Thirty years ago, the balance among graduates in Ulster's universities was weighted towards Protestants because Catholics, after generations of limited education, rarely went on to higher education. So the change has a welcome side. The beginning of the civil rights movement at Queen's in 1968 is attributed to the arrival of the first waves of Catholic students, who benefited from the post-war expansion of universities. The unwelcome side is that the emigration of young Protestants adds to the unease of the Unionists, whose support the executive needs. If their children all leave, they see no future for the Protestant tradition in Ulster.

This was one reason for the concern in Stormont, expressed loudly by the Unionist Ian Paisley, when two Catholics took education portfolios - Martin McGuinness of Sinn Fein, as minister for education, then Sean Farren, of the larger nationalist party, the Social Democratic and Labour Party, for higher and further education. It had been expected that one education job would go to a Catholic, one to a Protestant.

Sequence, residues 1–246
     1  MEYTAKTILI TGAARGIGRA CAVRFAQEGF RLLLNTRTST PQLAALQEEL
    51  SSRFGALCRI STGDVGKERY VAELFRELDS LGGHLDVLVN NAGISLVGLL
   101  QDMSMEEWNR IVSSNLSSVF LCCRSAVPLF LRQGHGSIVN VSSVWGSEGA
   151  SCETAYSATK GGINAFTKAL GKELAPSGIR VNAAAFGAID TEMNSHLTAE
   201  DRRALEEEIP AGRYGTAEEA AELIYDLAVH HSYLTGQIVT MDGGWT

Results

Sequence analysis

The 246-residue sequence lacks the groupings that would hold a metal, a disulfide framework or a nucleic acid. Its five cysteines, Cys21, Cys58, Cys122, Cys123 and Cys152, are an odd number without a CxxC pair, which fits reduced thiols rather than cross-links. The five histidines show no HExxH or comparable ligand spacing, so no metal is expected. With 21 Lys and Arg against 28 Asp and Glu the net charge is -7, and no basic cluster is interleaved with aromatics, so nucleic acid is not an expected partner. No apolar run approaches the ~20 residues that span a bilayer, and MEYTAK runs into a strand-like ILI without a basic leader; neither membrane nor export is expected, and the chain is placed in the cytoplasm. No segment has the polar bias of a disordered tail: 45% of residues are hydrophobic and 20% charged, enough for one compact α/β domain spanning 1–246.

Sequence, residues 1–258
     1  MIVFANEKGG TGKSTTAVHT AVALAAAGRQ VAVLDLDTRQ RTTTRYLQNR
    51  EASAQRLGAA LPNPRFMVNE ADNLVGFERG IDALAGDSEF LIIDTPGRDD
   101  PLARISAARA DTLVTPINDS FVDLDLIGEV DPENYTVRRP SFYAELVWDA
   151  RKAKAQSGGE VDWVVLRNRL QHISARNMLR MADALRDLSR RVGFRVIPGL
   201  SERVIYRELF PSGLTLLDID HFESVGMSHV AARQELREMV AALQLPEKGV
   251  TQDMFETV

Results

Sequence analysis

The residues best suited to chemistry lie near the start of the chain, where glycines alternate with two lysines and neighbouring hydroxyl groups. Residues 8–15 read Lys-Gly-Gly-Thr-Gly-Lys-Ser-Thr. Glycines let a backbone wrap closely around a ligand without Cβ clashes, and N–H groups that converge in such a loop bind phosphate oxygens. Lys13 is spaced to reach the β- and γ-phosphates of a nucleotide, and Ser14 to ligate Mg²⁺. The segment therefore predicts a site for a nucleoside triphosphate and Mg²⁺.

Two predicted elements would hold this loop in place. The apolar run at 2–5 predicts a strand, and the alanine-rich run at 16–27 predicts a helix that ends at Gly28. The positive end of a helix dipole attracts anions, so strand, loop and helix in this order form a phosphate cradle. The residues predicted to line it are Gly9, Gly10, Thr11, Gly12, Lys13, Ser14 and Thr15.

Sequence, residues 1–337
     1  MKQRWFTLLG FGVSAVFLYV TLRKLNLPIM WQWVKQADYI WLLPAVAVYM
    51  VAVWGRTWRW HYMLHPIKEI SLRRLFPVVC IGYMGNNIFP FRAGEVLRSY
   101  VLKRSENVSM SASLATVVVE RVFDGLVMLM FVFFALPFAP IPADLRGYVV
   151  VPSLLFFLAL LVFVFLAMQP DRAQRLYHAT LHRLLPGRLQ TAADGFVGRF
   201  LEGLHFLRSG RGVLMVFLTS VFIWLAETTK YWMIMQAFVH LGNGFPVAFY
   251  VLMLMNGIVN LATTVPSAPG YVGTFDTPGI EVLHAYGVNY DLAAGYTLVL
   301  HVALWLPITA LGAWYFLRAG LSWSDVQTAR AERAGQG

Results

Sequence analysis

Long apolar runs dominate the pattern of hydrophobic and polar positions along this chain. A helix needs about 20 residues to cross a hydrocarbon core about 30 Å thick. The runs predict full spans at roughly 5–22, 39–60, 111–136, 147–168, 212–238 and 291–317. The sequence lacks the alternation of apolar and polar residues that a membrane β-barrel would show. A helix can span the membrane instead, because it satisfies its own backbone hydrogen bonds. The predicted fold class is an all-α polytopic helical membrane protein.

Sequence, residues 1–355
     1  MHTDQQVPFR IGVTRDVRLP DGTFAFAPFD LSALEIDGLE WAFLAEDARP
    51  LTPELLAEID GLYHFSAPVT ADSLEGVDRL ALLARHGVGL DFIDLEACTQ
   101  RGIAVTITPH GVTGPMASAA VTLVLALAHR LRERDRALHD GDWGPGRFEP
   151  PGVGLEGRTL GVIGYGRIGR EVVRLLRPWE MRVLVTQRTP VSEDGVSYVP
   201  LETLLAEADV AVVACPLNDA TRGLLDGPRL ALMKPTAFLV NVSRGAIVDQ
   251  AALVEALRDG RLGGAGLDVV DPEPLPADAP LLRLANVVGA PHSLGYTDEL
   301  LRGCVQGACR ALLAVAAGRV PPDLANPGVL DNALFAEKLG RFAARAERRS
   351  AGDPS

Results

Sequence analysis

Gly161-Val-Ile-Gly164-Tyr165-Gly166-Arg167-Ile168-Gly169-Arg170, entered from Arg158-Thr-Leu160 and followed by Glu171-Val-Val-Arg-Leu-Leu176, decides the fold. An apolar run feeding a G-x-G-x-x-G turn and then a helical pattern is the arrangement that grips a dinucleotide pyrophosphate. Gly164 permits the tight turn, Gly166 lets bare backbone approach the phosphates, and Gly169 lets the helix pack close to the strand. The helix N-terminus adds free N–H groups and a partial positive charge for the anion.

The concern is shared by Farren and McGuinness, who both believe diversity is essential, and by the universities.

Bob Cormac and Tony Gallagher of Queen's and Robert Osborne of UU quantified the migration trend in a 1996 survey. Of 54,565 undergraduates in Northern Ireland (31,302 full-time), 1,006 went to the Irish Republic, and 14,536 to Britain. The latter includes "low-fliers", attracted by lower entry qualifications in newer British institutions, but it is the high-fliers who tend to stay away.

Trimble, who has discussed the problem with secretary of state for education David Blunkett, wants more university places created in Ulster and an improved economic base providing attractive work. A year ago, Blunkett promised new places and Queen's and UU have unveiled plans for a joint campus, Springvale, on the peace line in Belfast.

Queen's has also been acutely aware of the "chill factor" for young Protestants created by its growing Catholic population, which has resulted in overt nationalist symbols appearing within the university - including signs in Irish. The national anthem is no longer played on formal occasions. In an effort to redress the balance, the Students Union carried out a survey in 1997, which concluded that the Irish signs should be removed.

There are signs that the balance of migration may be altering, driven perhaps by peace, but also by the shift of the financial burden of higher education from the state to parents. But politicians from Trimble down are clear that the new executive still needs to work to tip the balance.